Yutaka Kikutake Gallery is pleased to present “Maruyulate / Marugalate,” a solo exhibition of works by Kisho Mwkaiyama from April 6th to May 19th. Over the course of his artistic practice, Mwkaiyama has continued to explore ways to capture the fleeting transitions of light through works that appropriate wax. In recent years he has produced works on canvas in an effort to consider possibilities of generating light itself upon its surface as a support medium. Following on from his previous two exhibitions “Luminous / Lunar” (2016) and “Veda / Vedarta” (2017), this exhibition marks the third installment of a trilogy that serves to approach the presence of light by means of works depicted on wax and works on canvas.
In “Luminous / Lunar” Mwkaiyama presented works that conveyed the faint and fleeting presence of light (the foremost transitions in light), and in “Veda / Vendarta” had endeavored a more multilayered experiment with works that simultaneously depicted the presence of darkness that instills light with depth, which changed dramatically in expression in accordance to the ways by which the light illuminated their surface. In this exhibition, Mwkaiyama draws inspiration from the experience of Gachirinkan, a method of meditation that concerns the contemplation of moonlight within one’s mind, and overlaying the conditions of this light with the existence of the self. Conceived as a result are a series of new canvas works that capture the appearance of moonlight, delivered to us from afar and which since ancient times has long served as a significant theme in spirituality, literature, and art, which on this occasion are presented alongside a selection of his early wax works.
Two full moons. The moon wavering Maruyulate. In the Marugalate that begins its gentle rotation, there is a ring of light upon the canvas that glows with the light of the moon and the sun. To me, colors are my material, and accompanied by temperature and rhythm, spherically illuminate space without any distinct sense of direction. The main wooden form that serves as the work’s supporting core reveals itself from within the wax to speak the distinct sacred words –Margarance and Margadeps. Perhaps it is a metaphor from the heavens. Hands pressed together in prayer inform the truth that both the single glowing bodies of the moon and the sun are indeed made of two entities.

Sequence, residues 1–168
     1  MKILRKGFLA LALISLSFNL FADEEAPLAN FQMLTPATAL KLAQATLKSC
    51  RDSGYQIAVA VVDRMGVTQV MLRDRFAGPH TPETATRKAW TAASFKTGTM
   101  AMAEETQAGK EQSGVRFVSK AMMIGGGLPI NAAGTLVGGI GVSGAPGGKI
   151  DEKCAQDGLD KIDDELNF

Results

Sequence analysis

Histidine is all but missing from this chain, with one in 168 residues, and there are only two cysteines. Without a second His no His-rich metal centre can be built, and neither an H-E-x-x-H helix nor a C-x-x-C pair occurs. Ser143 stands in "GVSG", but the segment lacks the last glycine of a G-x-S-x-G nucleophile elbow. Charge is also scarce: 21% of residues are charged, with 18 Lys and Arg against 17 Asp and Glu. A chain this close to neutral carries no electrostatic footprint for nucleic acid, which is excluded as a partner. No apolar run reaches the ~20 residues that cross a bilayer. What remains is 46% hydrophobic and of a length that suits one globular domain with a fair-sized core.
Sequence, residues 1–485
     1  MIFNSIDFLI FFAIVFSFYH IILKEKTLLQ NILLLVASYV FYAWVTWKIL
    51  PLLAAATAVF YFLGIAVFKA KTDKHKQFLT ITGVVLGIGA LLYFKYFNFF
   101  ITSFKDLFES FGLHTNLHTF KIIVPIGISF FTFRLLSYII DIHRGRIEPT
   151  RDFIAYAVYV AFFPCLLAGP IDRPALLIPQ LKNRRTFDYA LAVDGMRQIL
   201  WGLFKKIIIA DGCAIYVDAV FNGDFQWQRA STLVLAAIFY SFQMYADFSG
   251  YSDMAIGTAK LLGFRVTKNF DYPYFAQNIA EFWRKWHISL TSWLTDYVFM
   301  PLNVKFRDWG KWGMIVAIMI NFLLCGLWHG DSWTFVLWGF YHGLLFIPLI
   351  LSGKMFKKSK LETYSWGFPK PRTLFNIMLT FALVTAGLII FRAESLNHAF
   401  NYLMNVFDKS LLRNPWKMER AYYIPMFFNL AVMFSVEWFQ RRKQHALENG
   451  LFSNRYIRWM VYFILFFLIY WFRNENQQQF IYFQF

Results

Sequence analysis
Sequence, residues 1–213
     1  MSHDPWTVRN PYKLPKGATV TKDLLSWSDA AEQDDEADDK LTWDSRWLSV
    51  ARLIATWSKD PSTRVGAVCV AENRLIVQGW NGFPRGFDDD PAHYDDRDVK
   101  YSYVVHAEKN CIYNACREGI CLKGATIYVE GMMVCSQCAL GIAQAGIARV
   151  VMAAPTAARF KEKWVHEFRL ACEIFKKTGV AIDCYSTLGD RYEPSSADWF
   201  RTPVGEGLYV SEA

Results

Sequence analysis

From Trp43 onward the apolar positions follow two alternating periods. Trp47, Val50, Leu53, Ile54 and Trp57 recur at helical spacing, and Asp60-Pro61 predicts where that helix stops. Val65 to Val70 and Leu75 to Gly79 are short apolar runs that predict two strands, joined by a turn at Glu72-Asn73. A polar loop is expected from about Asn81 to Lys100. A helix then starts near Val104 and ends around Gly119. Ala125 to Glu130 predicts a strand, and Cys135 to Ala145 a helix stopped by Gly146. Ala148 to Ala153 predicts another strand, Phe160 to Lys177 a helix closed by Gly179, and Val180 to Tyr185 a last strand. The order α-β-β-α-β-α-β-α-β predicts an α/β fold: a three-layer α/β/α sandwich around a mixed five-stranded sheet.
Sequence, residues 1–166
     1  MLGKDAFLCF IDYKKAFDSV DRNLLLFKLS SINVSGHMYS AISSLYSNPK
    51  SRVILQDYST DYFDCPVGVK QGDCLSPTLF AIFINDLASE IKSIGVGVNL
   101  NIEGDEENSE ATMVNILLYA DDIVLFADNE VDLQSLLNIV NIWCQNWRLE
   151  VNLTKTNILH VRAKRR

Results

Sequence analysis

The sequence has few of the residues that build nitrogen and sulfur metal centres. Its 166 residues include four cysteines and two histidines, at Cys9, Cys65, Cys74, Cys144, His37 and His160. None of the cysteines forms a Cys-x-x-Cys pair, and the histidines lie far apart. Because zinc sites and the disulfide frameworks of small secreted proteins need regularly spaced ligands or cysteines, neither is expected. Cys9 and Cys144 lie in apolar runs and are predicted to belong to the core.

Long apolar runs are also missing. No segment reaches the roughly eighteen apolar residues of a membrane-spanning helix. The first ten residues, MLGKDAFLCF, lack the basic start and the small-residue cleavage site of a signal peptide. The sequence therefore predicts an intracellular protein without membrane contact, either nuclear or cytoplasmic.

Mwkaiyama was born in 1968 in Osaka, and currently lives and works in Tokyo. Mwkaiyama spent his childhood in Mount Koya, recognized as one of Japan’s most prominent locations of esoteric Buddhist temples, and as a child had found himself enticed by the tranquil environment of his surroundings and the Buddhist art that existed within it. This childhood experience had essentially lead Mwkaiyama to concern himself with the fundamental presence of light, a motif that he has consistently worked with since the beginning of his artistic career. is recent canvas works employ delicately controlled colors as their material which are painted repeatedly in overlapping layers, and while changing their appearance in various ways, invites viewers to experience the realm of his practice through the keywords of history, light, and human spirit.